2) Reduce the JTAG cable length. Typically ours is less than 5cm.

It worked just fine.

Edit: Clifford pointed out these things already. Just adding my experience.

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  • \$\begingroup\$ Your 2 cents are worth much more! I'll talk about the digital isolator to my colleges. I hope they'll accept this solution for future designs! Many thanks to you! \$\endgroup\$ – Plouff Mar 12 '16 at 17:55
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It can absolutely damage hardware.

Say your IR shift gets corrupted to a MCU or FPGA and you accidentally load EXTEST or enter an IEEE 1532 ISC instruction, and you have not set safe values in the BSR cells. Every BSR pin on that device will immediately assert whatever state happens to be in those cells.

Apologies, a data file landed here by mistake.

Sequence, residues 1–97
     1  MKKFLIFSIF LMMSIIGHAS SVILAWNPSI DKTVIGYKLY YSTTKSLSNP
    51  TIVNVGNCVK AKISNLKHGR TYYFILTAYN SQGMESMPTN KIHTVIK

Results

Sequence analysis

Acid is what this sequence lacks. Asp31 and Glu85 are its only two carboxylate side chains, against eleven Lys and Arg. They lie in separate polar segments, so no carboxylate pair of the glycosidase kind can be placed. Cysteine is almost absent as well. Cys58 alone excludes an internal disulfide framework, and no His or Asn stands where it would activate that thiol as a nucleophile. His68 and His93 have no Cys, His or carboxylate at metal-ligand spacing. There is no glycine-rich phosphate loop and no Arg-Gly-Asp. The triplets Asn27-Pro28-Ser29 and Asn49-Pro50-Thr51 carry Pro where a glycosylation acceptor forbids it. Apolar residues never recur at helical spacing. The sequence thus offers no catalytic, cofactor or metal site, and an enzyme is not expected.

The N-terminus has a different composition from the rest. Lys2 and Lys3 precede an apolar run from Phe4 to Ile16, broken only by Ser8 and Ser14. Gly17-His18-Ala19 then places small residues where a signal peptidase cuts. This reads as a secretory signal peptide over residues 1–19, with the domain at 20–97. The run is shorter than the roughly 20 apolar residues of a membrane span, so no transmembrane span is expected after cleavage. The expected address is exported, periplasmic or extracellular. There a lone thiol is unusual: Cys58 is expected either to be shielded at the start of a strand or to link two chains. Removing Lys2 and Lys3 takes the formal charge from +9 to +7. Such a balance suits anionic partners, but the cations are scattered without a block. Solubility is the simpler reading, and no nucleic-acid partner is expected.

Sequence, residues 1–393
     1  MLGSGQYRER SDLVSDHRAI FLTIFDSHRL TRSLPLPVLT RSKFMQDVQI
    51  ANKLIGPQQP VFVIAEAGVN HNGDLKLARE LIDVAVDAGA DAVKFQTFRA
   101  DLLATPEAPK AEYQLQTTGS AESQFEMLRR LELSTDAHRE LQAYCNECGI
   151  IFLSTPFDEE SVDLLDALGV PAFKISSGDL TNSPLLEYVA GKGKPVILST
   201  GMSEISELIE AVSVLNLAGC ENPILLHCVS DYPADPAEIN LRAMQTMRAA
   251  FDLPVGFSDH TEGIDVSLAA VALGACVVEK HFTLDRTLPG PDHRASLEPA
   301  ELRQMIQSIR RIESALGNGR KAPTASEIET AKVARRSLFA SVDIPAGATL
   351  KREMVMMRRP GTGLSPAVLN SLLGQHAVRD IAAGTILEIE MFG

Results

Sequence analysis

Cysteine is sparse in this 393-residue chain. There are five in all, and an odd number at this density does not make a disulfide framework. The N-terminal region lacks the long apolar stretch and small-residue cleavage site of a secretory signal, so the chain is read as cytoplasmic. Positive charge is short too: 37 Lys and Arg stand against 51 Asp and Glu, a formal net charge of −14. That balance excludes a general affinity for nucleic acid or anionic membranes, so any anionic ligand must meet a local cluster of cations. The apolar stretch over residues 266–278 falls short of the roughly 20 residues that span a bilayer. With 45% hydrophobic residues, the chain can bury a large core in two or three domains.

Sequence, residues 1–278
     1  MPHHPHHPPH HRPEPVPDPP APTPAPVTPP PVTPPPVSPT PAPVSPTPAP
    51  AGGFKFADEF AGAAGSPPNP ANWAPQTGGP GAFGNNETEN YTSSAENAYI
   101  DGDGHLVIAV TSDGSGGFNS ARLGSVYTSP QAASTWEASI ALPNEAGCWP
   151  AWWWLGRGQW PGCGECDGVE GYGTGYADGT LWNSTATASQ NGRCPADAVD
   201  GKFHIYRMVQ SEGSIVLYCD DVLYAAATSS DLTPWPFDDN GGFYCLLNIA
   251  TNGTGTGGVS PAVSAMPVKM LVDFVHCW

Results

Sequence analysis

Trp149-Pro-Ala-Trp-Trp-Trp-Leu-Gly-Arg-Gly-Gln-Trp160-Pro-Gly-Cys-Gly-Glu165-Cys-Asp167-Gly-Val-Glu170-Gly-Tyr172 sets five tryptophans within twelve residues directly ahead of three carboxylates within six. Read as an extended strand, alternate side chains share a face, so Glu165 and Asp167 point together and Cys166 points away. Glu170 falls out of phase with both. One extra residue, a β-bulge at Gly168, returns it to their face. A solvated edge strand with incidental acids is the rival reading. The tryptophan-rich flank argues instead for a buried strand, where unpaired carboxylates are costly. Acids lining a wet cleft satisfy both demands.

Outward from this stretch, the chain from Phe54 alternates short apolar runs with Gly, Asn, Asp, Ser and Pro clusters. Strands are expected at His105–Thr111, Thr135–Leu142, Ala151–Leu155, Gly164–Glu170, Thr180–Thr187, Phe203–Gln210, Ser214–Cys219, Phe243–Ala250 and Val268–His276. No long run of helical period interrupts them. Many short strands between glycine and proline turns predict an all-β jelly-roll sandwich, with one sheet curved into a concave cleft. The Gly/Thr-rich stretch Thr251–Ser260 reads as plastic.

If you have some devices running power electronics for example, and there's no external protection, you could fire both MOSFETs in a switching controller and short voltage right to GND. I've seen this happen multiple times. EXTEST is probably the riskiest instruction that is defined in the specification.

If you can't trust your JTAG setup, I'd stop and fix the problem before proceeding. Even outside of hardware damage, think about all the engineering time you'll waste chasing Heisenbugs that turned out to be a bit flipping every now and then in a DR shift.

Basically, look at your design and consider what happens if every pin on a JTAG device jumps to an unknown state (or all 0s or all 1s) -- chances are you will not be happy with the result.

Other things I've done in the past due to bad JTAG integrity is accidental triggering of security fuses and similar. This would brick the part and require replacing it. By design, JTAG has no integrity checking or error correction -- it's one of the simplest possible busses by design.